A Study of Combustion Characteristics of Gasified Coal Fuel FREE

[+] Author Affiliations
Takeharu Hasegawa, Mikio Sato

Central Research Institute of Electric Power Industry, Yokosuka, Kanagawa, Japan

Toshihiko Nakata

Tohoku University, Sendai, Miyagi, Japan

Paper No. 99-GT-398, pp. V002T01A017; 13 pages
  • ASME 1999 International Gas Turbine and Aeroengine Congress and Exhibition
  • Volume 2: Coal, Biomass and Alternative Fuels; Combustion and Fuels; Oil and Gas Applications; Cycle Innovations
  • Indianapolis, Indiana, USA, June 7–10, 1999
  • Conference Sponsors: International Gas Turbine Institute
  • ISBN: 978-0-7918-7859-0
  • Copyright © 1999 by ASME


The development of integrated, coal-gasification combined cycle (IGCC) systems provides cost-effective and environmentally sound options for meeting future coal-utilizing power generation needs in the world. The Japanese government and the Electric Power Industries in Japan promoted research and development of an IGCC system. We have being working on developing a low-NOx combustion technology used in gas turbine combustors for IGCC.

Each gaseous fuel produced from some raw materials contained CO and H2 as the main combustible components, and a small amount of CH4. Compositions and calorific values of gasified coal fuels varied widely depending on raw materials and gasifier types. Gaseous fuel, produced in various gasifiers, has a calorific value of 4–13MJ/m 3, which is about one-tenth to one-third that of natural gas. The flame temperatures of fuels increase as the fuel calorific value rises. When the fuel calorific value rises 8MJ/m 3 or higher, the flame temperature is higher than that of natural gas, and so NOx production from nitrogen fixation is expected to increase significantly. Also, some gasified coal fuels contain fuel nitrogen, such as ammonia, if the hot/dry type gas cleaning system is employed. These factors affect the combustion characteristics of the gasified coal fuel.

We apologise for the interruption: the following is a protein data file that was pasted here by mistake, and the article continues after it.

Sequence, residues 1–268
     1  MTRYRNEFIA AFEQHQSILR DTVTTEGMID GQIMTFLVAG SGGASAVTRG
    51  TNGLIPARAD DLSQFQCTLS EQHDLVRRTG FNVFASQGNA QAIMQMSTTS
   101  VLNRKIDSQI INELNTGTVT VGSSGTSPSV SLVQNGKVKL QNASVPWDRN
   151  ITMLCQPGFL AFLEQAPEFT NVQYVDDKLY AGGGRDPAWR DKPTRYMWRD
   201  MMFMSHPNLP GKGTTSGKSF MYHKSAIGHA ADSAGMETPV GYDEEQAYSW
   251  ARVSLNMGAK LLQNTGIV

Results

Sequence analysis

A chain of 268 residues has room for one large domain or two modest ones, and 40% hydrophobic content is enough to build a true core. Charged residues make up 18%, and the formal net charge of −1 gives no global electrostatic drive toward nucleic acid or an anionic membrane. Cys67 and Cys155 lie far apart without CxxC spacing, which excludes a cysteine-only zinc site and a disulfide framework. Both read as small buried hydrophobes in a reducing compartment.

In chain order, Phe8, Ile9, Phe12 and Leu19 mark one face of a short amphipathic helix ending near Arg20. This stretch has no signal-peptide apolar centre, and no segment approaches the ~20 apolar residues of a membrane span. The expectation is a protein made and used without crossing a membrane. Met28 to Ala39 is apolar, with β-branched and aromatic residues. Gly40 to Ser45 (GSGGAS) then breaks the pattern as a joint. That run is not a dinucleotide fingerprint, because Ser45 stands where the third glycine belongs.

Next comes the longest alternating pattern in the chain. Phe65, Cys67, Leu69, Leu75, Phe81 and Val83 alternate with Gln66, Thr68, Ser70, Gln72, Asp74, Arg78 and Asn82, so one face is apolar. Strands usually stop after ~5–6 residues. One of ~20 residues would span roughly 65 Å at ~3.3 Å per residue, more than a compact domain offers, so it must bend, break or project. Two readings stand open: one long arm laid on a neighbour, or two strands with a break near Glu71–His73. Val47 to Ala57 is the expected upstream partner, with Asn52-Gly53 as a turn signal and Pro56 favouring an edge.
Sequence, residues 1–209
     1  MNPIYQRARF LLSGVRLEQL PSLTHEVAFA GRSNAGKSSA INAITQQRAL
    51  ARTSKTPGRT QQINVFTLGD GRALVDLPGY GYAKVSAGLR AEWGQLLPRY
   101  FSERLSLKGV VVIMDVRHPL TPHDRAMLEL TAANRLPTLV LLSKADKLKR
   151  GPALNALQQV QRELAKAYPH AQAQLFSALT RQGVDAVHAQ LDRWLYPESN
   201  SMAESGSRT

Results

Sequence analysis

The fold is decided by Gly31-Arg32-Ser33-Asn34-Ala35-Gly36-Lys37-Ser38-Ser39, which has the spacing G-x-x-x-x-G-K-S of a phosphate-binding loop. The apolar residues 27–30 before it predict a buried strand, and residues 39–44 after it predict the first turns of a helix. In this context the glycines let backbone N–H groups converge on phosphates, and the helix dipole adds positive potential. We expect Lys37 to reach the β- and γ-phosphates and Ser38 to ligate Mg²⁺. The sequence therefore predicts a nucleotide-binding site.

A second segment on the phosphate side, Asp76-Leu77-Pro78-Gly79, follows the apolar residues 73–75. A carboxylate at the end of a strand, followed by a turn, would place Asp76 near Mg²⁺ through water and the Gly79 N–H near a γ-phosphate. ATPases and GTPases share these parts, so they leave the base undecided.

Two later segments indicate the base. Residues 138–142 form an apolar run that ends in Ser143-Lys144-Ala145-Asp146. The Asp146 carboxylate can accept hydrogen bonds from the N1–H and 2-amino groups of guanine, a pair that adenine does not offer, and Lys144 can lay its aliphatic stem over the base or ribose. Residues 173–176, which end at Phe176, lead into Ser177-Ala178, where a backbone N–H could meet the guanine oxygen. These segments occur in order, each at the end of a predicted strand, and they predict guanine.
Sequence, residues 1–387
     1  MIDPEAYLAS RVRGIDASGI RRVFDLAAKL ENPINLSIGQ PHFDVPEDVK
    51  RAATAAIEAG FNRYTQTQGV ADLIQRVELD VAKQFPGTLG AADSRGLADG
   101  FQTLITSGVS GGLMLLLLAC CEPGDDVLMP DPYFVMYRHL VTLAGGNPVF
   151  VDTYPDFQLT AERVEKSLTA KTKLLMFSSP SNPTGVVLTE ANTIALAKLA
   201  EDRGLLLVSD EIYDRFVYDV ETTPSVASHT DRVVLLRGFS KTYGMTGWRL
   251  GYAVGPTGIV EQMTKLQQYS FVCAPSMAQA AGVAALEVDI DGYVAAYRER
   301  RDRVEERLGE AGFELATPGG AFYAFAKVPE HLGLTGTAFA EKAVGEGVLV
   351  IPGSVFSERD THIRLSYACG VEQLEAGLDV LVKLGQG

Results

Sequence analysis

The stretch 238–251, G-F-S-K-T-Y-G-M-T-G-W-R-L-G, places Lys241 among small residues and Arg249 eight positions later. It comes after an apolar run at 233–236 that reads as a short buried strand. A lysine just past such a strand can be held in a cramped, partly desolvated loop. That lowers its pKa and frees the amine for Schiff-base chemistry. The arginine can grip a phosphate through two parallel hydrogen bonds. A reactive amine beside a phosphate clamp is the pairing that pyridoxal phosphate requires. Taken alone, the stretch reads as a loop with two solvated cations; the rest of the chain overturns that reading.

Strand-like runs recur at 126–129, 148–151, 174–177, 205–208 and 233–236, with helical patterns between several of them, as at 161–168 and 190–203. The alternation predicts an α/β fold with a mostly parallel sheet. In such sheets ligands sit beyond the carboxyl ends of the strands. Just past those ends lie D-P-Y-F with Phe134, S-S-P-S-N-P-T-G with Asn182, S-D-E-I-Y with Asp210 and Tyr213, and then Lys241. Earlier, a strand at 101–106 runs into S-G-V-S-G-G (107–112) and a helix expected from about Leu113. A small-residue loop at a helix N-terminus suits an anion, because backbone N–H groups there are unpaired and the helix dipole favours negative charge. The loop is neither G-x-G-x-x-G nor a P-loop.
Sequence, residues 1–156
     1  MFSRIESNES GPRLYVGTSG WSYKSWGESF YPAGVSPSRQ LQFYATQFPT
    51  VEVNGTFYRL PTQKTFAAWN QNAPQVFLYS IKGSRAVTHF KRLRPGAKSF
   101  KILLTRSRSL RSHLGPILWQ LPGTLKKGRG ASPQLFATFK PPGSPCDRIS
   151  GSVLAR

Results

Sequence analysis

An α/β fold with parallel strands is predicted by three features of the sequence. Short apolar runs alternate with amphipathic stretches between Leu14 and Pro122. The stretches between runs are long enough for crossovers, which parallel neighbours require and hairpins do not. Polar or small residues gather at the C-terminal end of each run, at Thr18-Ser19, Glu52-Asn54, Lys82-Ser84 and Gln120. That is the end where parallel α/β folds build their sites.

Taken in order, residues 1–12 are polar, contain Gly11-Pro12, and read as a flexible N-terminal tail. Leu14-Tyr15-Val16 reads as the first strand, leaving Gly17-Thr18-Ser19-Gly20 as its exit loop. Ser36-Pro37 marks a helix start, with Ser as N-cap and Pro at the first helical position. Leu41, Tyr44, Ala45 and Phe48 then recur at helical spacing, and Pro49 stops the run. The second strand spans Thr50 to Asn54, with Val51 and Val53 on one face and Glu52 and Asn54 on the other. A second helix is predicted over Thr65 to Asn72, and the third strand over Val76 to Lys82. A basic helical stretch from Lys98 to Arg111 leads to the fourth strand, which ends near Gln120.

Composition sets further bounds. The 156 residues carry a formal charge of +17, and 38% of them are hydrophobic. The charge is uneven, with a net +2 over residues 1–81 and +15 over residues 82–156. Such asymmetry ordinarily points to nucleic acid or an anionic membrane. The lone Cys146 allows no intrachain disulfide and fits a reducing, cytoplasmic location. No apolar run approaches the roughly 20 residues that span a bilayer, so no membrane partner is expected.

In this paper, we clarified the influence of gasified coal fuel properties on NOx and CO emissions through experiments using a small diffusion burner and through numerical analysis based on reaction kinetics. The main results were as follows:

(1) NH3 conversion to NOx increases with increasing CH4 concentration in gaseous fuel.

(2) If gaseous fuel contains CH4, there will be some specific equivalence ratio in the primary combustion zone for the minimum NH3 conversion to NOx in the two-staged combustion.

(3) Its specific equivalence ratio in the primary combustion zone increases with decreasing CH4 concentration in gaseous fuel.

(4) If the fuel contains a small percent of CH4, there is no influence of the CO/H2 molar ratio in the fuel on the conversion rate of NH3 to NOx, while there is an influence in the case where fuel contains no CH4. The conversion rate increases with rises in the CO/H2 molar ratio.

(5) As the pressure increases, the conversion rate of NH3 to NOx slightly decreases and the CO emission declines significantly.

Copyright © 1999 by ASME
Topics: Combustion , Fuels , Coal
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